Consequences for whistleblowing go far beyond threats to the family to frustrating dead-end job placements. The purpose for such placements is to demoralize the employee to a point where they would prefer resigning (Bok 3). Other demoralization tactics include downgrading, little or more work than it is befitting for the employees position or ordering for a psychiatric evaluation as a means of discrediting not only the employee, but also their whistleblowing actions (Bok 3). Other organizations execute outright firing of the employee as a retaliatory response to the employee’s actions. Wigand is a particularly stark example of the extend organizations would go to discredit whistle blowers. Beginning with death threats to his family and himself, as well as firing him from his job, relegating him to a high school teacher, where B&W continued in its retaliatory attacks against him (Benner). In one sweep of action therefore, whistleblower’s lives adversely change, mostly for the worst. While the public may offer support to the whistleblowers, current events show a trend towards overlooking of the work done by whistleblowers (Bok 3).
The very nature of whistleblowing jeopardizes whistleblowers. In retaliating against whistleblowers, most victims protest against the narrow aim of whistleblowers in illuminating actions of negligence and abuse. This is in addition to action by organizations to skirt risks (Bok 3). Under such circumstances, most whistleblowers are labelled dissents, with greater personal risk when challenging repressive authorities. Most authorities therefore view the actions of whistleblowers as mere acts of disloyalty and breach of trust.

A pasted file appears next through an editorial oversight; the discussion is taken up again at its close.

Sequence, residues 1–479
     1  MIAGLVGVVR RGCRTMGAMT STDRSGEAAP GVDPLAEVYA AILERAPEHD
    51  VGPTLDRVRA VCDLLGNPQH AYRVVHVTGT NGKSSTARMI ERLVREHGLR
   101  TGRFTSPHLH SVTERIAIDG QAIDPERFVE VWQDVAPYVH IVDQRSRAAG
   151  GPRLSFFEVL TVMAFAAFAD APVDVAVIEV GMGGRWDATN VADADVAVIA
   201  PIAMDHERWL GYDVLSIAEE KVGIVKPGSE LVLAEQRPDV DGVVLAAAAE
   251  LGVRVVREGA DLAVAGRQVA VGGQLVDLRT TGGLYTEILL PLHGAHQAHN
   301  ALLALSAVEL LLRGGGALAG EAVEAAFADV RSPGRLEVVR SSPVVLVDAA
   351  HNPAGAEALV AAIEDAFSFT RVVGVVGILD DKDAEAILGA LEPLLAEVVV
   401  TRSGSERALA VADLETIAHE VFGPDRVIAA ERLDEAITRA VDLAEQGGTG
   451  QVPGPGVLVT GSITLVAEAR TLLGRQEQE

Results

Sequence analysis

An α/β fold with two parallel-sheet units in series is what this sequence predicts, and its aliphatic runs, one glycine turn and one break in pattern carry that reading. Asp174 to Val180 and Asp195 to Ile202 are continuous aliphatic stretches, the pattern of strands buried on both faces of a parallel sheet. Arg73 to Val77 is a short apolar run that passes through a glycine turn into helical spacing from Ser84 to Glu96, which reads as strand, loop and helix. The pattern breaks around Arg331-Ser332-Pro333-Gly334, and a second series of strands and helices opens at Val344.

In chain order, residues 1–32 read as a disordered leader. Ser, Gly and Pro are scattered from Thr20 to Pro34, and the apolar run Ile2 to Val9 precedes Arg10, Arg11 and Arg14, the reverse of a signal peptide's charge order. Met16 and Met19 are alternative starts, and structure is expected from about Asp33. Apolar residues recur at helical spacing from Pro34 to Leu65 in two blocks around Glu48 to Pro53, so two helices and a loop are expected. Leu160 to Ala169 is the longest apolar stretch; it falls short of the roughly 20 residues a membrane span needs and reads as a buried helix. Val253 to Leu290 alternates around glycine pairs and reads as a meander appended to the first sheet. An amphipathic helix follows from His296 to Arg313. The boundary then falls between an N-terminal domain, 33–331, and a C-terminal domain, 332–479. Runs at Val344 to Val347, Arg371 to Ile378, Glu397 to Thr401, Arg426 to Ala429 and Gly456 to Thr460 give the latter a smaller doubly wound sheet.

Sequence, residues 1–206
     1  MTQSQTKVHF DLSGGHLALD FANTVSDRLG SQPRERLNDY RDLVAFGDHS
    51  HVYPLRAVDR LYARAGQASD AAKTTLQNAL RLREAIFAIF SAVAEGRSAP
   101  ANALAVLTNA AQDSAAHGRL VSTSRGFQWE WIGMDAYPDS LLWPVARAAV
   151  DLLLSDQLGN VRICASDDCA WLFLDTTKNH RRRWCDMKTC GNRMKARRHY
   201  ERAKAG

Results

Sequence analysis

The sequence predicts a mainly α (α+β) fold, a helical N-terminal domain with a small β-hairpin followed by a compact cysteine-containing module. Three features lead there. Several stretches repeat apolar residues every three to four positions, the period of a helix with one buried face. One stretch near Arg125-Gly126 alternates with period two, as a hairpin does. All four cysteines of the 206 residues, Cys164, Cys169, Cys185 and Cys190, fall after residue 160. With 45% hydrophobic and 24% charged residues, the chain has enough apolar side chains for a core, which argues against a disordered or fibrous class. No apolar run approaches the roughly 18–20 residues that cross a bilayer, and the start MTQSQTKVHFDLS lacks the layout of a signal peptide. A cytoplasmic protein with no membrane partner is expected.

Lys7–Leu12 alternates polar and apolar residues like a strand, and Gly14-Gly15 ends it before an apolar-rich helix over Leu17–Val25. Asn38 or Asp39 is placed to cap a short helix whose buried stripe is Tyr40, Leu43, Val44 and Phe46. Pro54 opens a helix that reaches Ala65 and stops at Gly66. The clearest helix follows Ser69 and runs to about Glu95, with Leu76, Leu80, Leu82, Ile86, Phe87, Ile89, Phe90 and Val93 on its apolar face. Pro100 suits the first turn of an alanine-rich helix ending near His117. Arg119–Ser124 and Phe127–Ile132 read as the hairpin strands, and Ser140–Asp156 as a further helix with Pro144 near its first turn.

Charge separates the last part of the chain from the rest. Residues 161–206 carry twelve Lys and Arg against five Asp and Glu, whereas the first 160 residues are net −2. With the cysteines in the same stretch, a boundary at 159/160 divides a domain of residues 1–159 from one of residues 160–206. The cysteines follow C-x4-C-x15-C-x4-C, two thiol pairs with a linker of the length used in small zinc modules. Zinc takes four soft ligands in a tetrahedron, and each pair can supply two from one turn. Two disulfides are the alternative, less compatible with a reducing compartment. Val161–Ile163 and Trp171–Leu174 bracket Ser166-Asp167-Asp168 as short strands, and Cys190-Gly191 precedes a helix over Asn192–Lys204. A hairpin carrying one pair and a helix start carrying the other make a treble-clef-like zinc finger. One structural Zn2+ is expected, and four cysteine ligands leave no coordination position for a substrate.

Most whistleblowers hope that by shedding light on the evils and ills of the organization, they may be able to stop the ills. However, whistleblowers end up being inconsequential noisemakers, who are therefore branded as disloyal for blowing the whistle on their own team. The branding of whistleblowers as traitors and disloyal sometimes follows the breach, by the whistleblower, of an oath of confidentiality. This therefore pities collegial loyalty against public interest, a choice that the whistleblower has to make (Bok 3).